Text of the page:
Feminism In The Bloody Chamber

Upon reading The Bloody Chamber titled story, the narrator seemingly appears to be helpless. However, as the story develops, she does too. She fails to fulfil the traditional roles and characteristics, such as being weak and helpless, that are usually attributed to women in classic literature. Carter is often challenging the traditional representations of women found in fairy tales of ‘being cute but essentially helpless’ (1) or constantly needing to be saved by the knight in shining armour from the beginning of the story, such as when we get an insight on the narrator’s sexual awakening. This challenges traditional literature as women’s sexual desires are not often written about in books or stories. Ultimately, Carter challenges negative …show more content…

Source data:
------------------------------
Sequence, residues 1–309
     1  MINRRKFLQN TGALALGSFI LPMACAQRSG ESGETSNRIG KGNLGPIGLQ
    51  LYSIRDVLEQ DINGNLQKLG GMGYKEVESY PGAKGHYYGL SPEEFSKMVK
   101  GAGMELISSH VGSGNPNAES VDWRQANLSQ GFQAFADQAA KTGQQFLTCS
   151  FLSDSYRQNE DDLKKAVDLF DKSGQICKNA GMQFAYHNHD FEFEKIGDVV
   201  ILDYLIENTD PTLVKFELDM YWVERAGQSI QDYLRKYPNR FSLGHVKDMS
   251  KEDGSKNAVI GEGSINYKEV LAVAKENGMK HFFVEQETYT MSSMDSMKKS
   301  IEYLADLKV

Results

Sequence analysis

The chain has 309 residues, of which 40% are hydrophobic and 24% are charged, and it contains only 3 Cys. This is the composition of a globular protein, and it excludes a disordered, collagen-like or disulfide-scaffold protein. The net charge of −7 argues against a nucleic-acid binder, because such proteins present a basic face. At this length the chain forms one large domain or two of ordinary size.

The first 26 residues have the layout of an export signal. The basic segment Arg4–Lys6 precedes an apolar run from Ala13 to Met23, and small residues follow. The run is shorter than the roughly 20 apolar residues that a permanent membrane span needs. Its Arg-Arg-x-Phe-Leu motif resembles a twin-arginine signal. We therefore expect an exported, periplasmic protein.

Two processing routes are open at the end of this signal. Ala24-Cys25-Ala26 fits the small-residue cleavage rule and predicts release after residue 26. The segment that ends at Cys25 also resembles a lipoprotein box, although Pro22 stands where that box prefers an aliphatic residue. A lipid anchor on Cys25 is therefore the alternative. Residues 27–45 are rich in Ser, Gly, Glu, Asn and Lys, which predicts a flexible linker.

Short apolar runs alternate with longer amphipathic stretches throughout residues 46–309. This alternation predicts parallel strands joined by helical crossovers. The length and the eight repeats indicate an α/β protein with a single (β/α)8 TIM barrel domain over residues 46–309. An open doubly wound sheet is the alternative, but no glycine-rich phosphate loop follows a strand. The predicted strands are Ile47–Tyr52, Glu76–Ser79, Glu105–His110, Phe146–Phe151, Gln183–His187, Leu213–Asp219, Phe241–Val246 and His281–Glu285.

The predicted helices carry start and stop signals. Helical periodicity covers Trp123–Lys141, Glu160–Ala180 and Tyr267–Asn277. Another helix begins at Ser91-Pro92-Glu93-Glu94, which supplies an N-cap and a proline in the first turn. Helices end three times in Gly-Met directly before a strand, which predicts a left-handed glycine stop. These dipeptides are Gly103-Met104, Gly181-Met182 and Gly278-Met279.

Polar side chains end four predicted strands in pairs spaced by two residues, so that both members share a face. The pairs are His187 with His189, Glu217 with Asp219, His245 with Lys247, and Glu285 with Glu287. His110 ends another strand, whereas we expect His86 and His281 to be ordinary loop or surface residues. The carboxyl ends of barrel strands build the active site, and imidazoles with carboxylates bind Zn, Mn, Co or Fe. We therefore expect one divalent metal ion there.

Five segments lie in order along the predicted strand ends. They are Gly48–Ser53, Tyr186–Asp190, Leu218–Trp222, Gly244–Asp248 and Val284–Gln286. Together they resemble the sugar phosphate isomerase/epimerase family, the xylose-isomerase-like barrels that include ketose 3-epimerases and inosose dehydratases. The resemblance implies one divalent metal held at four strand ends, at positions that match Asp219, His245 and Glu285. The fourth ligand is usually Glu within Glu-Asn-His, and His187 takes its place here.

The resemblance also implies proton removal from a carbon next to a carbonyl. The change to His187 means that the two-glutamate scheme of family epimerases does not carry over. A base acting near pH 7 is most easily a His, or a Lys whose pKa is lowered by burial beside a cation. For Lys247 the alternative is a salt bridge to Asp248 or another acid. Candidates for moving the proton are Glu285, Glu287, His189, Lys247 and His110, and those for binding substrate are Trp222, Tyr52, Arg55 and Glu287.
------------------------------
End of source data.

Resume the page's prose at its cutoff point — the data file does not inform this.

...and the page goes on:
The structure of the story was taken from the moral story about curiosity titled ‘Bluebeard’ and turned into a tale that masks a deeper feminist view that simply challenges the ideas in the original tale that can be seen as misogynistic. In Bluebeard, the female protagonist accepts her fate of getting beheaded by the Bluebeard and the two sisters proceed to wait for their brothers to arrive in order to get saved, rather than save themselves. This, like most other olden tales, enforces the idea of helpless women that require saving from men indefinitely. Carter’s Bloody Chamber challenges this idea as the narrator’s mother is described as an ‘indomitable’ woman who has shot a ‘man-eating tiger’ all by herself, as well as being a widow who doesn’t require another man in order to live a well rounded life. These gallant descriptions of the narrator’s mother are the characteristics usually given to the male hero but because they are given to a female character they reinforce the idea of women not being helpless, such as when she rescues her daughter from The Marquis moments before she is about to be beheaded as punishment for going into his forbidden bloody chamber. Whilst the narrator requires saving, Carter was very clever to make her hero a female which ultimately further challenges the idea that women are never helpless or always require saving from men. In 1979, when The Bloody Chamber was published, a brave heroine was not something prevalent in literature and Carter having a heroine in her story challenged the idea of men having a set role, strong and heroic, whilst women had the set role of weak and pathetic. She has created a ‘revision of gender roles’ (5) in order to challenge stereotypical helpless women when she made the mum strong and heroic whilst The Marquis was weak and pathetic in comparison to

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